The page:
• I imagine that they would be fuming if they knew about the atlas!

    • Mathew Negru

      Possibly they referred to a detailed language/ethnic map (perhaps from the interwar period?) that labelled in large letters the considerable presence of Hungarian, a Finno-Ugric language, in the Romanian Transylvania region, and not understanding the historical geography, assumed that the label referred to Romanian, which they had never heard of, or did not know was, in contrast to Hungarian, a Latin language.

      See the following map, though it is not perfect, for the situation just before the transfer of Transylvania from then Austria-Hungary to Romania.

      Romanians in the past have tended to be touchy about anyone mistakenly thinking their language was a Slavic one; I wonder how they’ll feel about a Finno-Ugric label? It would be worth asking.

  • pg

    Chile “communism-dominated”? The whole of southeast Asia “hinduist”? The “Balkan Sea” ? These maps are indeed amusing. I hope nobody consults them for things like economic or, gasp, military planning! 🙂

    • Yes, and Bavaria is also marked as Communist!

    • WBBsAs

      Perhaps they hired Tea Partiers as consultants.

  • Ygor Coelho Soares

    I wonder how they define what is a “thinly populated region with no regular places of worship”. I mean, I know the Amazon and part of Brazil’s Center West is thinly populated, but it’s not like there is just a bunch of people here and there in that huge “green” part of the map of Brazil printed in the first map above. If I am judging it correctly, the Brazilian states – or part of them – that roughly correspond to that “thinly populated area” must have around 15 to 20 million living in them, hardly a “despicable” number of people.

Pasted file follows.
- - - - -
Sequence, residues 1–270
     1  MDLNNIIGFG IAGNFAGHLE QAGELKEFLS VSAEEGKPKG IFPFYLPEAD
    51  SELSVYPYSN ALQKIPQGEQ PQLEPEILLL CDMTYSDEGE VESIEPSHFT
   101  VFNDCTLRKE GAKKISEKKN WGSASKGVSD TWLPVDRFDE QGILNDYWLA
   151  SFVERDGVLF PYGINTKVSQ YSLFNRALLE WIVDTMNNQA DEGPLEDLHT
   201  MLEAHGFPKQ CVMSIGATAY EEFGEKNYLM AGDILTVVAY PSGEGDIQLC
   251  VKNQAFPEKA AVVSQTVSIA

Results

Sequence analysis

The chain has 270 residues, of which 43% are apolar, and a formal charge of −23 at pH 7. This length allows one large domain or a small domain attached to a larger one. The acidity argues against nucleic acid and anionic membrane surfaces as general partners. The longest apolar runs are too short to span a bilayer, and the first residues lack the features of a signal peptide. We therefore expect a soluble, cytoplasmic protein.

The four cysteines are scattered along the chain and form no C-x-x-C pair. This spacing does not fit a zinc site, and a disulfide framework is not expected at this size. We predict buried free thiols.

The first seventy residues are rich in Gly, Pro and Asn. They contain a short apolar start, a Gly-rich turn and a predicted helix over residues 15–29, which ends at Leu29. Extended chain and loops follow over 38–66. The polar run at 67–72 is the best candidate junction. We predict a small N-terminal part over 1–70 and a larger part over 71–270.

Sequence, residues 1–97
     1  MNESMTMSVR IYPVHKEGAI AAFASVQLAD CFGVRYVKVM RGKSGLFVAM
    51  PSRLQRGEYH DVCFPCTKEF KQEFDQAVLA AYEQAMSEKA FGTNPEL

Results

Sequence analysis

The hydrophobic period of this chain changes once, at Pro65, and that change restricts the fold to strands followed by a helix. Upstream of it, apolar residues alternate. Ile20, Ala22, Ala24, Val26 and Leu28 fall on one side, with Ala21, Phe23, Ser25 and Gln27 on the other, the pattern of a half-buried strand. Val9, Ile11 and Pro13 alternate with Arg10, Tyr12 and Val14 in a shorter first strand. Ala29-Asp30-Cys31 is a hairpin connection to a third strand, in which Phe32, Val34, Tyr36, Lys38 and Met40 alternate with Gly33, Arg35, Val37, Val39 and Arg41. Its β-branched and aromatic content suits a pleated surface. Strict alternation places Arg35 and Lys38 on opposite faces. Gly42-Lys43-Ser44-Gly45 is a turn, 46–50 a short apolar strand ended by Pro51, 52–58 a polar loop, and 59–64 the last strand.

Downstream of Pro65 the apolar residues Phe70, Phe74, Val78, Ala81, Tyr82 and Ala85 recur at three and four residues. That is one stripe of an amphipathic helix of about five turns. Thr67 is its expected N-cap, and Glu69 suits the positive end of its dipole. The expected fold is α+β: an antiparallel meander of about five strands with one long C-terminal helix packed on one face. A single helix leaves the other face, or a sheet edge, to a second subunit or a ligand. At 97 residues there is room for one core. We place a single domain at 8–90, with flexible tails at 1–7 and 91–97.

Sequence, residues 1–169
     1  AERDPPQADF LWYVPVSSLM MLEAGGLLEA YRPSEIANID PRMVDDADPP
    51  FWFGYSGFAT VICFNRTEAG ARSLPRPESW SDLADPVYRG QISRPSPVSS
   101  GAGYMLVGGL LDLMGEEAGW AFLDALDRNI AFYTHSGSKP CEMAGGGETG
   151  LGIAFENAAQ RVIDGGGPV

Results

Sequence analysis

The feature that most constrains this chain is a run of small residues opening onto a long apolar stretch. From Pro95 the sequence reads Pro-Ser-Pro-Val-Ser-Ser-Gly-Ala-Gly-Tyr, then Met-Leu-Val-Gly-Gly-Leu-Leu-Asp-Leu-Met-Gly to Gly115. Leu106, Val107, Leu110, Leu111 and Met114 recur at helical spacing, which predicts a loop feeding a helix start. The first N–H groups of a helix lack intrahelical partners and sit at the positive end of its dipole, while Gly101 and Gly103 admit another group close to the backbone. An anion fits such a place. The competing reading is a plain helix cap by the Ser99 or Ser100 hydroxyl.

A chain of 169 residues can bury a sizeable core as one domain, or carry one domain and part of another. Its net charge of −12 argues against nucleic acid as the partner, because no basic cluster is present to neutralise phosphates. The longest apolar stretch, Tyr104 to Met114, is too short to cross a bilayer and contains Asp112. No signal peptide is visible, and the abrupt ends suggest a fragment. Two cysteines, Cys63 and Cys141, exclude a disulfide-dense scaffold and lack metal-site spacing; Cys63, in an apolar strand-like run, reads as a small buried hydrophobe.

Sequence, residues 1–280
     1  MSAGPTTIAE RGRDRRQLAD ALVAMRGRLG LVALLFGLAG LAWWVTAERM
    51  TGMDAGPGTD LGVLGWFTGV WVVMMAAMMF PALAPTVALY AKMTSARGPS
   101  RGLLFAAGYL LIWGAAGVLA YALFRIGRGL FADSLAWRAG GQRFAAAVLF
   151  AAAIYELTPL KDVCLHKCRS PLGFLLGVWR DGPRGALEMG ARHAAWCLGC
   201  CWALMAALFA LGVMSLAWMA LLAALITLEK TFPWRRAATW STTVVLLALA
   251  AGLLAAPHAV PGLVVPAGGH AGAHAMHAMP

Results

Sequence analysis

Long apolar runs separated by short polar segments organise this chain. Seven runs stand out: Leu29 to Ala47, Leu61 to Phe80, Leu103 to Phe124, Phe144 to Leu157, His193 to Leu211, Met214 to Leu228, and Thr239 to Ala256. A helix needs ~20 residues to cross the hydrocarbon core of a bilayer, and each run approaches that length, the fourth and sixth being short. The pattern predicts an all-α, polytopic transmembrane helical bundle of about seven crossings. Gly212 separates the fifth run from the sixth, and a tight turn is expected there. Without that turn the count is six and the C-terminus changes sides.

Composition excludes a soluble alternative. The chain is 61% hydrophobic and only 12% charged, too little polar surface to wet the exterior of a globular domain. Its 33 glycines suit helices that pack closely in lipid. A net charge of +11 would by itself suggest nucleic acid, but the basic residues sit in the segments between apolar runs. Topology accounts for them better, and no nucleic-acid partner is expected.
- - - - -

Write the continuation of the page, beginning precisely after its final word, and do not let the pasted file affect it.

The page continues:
• SirBedevere

      Yes, I am pretty sure there is a church or two in Arizona and New Mexico as well.

    • Yes indeed. And the same is true, as SirBedevere notes below, in the southwest of the United States. And even areas that are actually thinly populated generally do have regular places of worship.

    • Xezlec

      Yeah, my first thought as soon as I saw that map was “wow, I never knew Phoenix was so secular!”

  • Mathew Negru

    To me, this looks like a public school atlas produced at rock bottom price for use by poor students in under-funded slum and rural public schools, and it was probably prepared by a “neighborhood type” Pakistani educator. The “Oxford School Atlas for Pakistan” published by OUP Pakistan ( see ) will likely be far better, even possibly superior to some Western school atlases. However, it and similar books are probably only affordable by children of the upper middle class and above, even in the form of a single copy in the school library.

    I think the problem we may well be looking at here therefore, is not a general Pakistani incompetence in mapping, but rather failure to allocate adequate public resources to elementary and secondary education textbooks for the poorer 50% of the population.